Journal of Clinical Immunology

, Volume 35, Issue 4, pp 384–398 | Cite as

Outcomes in Two Japanese Adenosine Deaminase-Deficiency Patients Treated by Stem Cell Gene Therapy with No Cytoreductive Conditioning

  • Makoto Otsu
  • Masafumi Yamada
  • Satoru Nakajima
  • Miyuki Kida
  • Yoshihiro Maeyama
  • Norikazu Hatano
  • Nariaki Toita
  • Shunichiro Takezaki
  • Yuka Okura
  • Ryoji Kobayashi
  • Yoshinori Matsumoto
  • Osamu Tatsuzawa
  • Fumiko Tsuchida
  • Shunichi Kato
  • Masanari Kitagawa
  • Junichi Mineno
  • Michael S. Hershfield
  • Pawan Bali
  • Fabio Candotti
  • Masafumi Onodera
  • Nobuaki Kawamura
  • Yukio Sakiyama
  • Tadashi Ariga
Original Research

Abstract

Objective

We here describe treatment outcomes in two adenosine deaminase (ADA)-deficiency patients (pt) who received stem cell gene therapy (SCGT) with no cytoreductive conditioning. As this protocol has features distinct from those of other clinical trials, its results provide insights into SCGT for ADA deficiency.

Patients and Methods

Pt 1 was treated at age 4.7 years, whereas pt 2, who had previously received T-cell gene therapy, was treated at age 13 years. Bone marrow CD34+ cells were harvested after enzyme replacement therapy (ERT) was withdrawn; following transduction of ADA cDNA by the γ-retroviral vector GCsapM-ADA, they were administered intravenously. No cytoreductive conditioning, at present considered critical for therapeutic benefit, was given before cell infusion. Hematological/immunological reconstitution kinetics, levels of systemic detoxification, gene-marking levels, and proviral insertion sites in hematopoietic cells were assessed.

Results

Treatment was well tolerated, and no serious adverse events were observed. Engraftment of gene-modified repopulating cells was evidenced by the appearance and maintenance of peripheral lymphocytes expressing functional ADA. Systemic detoxification was moderately achieved, allowing temporary discontinuation of ERT for 6 and 10 years in pt 1 and pt 2, respectively. Recovery of immunity remained partial, with lymphocyte counts in pts 1 and 2, peaked at 408/mm3 and 1248/mm3, approximately 2 and 5 years after SCGT. Vector integration site analyses confirmed that hematopoiesis was reconstituted with a limited number of clones, some of which were shown to have myelo-lymphoid potential.

Conclusions

Outcomes in SCGT for ADA-SCID are described in the context of a unique protocol, which used neither ERT nor cytoreductive conditioning. Although proven safe, immune reconstitution was partial and temporary. Our results reiterate the importance of cytoreductive conditioning to ensure greater benefits from SCGT.

Keywords

Gene therapy adenosine deaminase (ADA) severe combined immunodeficiency (SCID) primary immunodeficiency (PID) retroviral vector(s) hematopoietic stem cell(s) 

Supplementary material

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ESM 1(DOCX 34 kb)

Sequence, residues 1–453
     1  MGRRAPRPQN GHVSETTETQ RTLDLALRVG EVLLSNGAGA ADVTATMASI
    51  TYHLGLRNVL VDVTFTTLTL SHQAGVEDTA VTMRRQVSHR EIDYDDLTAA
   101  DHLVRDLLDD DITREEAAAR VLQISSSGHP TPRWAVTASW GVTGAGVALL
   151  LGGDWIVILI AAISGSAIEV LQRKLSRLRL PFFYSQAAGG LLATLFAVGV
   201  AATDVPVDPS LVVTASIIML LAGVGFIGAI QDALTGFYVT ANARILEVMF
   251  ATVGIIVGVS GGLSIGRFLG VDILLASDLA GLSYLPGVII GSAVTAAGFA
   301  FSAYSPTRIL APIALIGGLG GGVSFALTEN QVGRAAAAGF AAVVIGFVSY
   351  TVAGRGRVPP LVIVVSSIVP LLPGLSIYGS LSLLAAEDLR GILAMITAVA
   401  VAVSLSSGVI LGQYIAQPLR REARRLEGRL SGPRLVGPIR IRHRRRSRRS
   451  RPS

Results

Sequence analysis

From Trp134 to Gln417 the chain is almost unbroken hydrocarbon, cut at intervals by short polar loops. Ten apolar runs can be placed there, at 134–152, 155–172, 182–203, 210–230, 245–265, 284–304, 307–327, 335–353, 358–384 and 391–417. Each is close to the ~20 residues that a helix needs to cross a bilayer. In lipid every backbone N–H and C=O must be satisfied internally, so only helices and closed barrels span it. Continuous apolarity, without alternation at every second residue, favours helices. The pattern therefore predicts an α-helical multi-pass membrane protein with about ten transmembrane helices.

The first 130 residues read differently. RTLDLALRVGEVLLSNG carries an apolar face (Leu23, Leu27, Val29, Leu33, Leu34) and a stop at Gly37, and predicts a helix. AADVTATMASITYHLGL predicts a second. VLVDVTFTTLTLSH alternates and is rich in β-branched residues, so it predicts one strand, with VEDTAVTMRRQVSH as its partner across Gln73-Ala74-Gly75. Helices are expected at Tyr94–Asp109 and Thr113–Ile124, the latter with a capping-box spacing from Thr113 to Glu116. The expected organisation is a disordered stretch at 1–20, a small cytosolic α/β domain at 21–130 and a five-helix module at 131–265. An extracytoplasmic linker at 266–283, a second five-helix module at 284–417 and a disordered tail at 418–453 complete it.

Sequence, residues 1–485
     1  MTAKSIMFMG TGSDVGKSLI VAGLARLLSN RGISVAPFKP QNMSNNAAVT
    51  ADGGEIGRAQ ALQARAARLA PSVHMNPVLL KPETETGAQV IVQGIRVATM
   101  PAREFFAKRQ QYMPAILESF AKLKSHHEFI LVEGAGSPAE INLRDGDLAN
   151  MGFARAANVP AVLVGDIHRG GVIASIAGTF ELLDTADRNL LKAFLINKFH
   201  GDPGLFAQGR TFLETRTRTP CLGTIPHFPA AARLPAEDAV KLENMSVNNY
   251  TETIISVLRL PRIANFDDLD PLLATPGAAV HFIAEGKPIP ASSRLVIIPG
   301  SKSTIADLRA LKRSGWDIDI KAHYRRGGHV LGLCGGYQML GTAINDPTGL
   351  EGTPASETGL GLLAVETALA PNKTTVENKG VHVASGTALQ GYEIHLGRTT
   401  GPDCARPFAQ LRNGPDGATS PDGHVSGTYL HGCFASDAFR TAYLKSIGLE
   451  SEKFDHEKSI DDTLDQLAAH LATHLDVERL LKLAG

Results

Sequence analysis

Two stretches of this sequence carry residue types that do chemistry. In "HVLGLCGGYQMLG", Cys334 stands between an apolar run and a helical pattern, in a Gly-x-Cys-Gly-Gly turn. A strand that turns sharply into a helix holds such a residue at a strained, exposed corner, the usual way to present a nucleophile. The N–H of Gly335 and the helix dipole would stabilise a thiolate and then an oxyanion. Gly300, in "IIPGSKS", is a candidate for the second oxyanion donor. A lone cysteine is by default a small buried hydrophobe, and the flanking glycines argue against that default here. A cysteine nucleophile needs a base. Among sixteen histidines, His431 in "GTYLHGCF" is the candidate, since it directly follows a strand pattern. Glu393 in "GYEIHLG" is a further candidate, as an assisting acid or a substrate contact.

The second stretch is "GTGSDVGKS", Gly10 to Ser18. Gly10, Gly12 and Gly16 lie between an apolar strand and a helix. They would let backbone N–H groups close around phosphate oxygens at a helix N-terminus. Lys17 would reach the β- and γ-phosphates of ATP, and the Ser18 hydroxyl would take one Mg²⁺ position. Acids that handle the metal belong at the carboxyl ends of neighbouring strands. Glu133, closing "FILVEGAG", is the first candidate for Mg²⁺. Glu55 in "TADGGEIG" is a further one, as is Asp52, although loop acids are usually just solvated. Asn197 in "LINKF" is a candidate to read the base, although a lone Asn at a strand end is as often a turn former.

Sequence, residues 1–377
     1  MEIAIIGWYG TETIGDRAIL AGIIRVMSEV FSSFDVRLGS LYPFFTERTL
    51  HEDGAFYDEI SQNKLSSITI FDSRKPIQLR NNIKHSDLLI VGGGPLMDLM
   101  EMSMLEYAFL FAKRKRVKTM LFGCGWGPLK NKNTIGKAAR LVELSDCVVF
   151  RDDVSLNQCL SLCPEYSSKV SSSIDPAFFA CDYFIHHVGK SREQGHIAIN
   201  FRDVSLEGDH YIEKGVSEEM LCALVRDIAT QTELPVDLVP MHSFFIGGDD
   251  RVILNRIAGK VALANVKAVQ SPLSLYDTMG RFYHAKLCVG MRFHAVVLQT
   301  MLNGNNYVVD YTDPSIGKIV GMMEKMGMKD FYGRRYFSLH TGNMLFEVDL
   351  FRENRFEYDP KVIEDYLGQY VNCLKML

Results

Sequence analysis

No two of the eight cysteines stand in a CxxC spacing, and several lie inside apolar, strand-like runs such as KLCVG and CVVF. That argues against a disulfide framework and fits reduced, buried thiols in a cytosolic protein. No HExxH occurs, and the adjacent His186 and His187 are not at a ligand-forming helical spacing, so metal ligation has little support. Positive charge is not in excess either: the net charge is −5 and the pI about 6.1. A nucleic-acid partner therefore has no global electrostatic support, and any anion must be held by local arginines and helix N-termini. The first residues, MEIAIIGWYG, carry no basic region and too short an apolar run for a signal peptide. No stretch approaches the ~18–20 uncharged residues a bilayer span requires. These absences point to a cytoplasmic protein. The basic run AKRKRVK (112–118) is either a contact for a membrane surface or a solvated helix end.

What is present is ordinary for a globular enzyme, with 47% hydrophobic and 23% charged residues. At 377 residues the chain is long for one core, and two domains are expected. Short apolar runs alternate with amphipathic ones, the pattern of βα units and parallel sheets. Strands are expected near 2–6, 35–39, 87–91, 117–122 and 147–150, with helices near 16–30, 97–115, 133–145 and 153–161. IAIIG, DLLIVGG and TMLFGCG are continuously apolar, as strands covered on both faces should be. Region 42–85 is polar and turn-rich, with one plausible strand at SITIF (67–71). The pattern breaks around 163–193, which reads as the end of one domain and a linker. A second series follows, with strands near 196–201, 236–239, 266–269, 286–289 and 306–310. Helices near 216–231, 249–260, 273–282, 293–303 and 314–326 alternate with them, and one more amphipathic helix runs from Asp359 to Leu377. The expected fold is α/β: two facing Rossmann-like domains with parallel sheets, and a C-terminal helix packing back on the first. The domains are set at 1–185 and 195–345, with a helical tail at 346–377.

10875_2015_157_MOESM2_ESM.pdf (190 kb)
Supplemental Fig 1(PDF 190 kb)
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Supplemental Fig. 2(PDF 257 kb)
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Supplemental Fig. 3(PDF 311 kb)
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Supplemental Fig. 4(PDF 19 kb)
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Supplemental Fig. 5(PDF 174 kb)
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Supplemental Fig. 6(PDF 89 kb)
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Supplemental Fig. 7(PDF 10 kb)

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Copyright information

© Springer Science+Business Media New York 2015

Authors and Affiliations

  • Makoto Otsu
    • 1
    • 3
  • Masafumi Yamada
    • 2
  • Satoru Nakajima
    • 3
  • Miyuki Kida
    • 3
  • Yoshihiro Maeyama
    • 3
  • Norikazu Hatano
    • 2
  • Nariaki Toita
    • 2
  • Shunichiro Takezaki
    • 2
  • Yuka Okura
    • 2
  • Ryoji Kobayashi
    • 2
  • Yoshinori Matsumoto
    • 2
  • Osamu Tatsuzawa
    • 4
  • Fumiko Tsuchida
    • 5
  • Shunichi Kato
    • 5
  • Masanari Kitagawa
    • 6
  • Junichi Mineno
    • 6
  • Michael S. Hershfield
    • 7
  • Pawan Bali
    • 7
  • Fabio Candotti
    • 8
  • Masafumi Onodera
    • 4
  • Nobuaki Kawamura
    • 2
  • Yukio Sakiyama
    • 2
    • 3
  • Tadashi Ariga
    • 2
    • 3
  1. 1.Center for Stem Cell Biology and Regenerative Medicine, Institute of Medical ScienceUniversity of TokyoTokyoJapan
  2. 2.Department of PediatricsHokkaido University Graduate School of MedicineSapporoJapan
  3. 3.Research Group of Human Gene TherapyHokkaido University Graduate School of MedicineHokkaidoJapan
  4. 4.Department of Human GeneticsNational Center for Child Health and DevelopmentTokyoJapan
  5. 5.Department of Cell Transplantation & Regenerative MedicineTokai University School of MedicineKanagawaJapan
  6. 6.Takara BioShigaJapan
  7. 7.Department of BiochemistryDuke University School of MedicineDurhamUSA
  8. 8.Genetics and Molecular Biology Branch, National Human Genome Research InstituteNational Institutes of HealthBethesdaUSA

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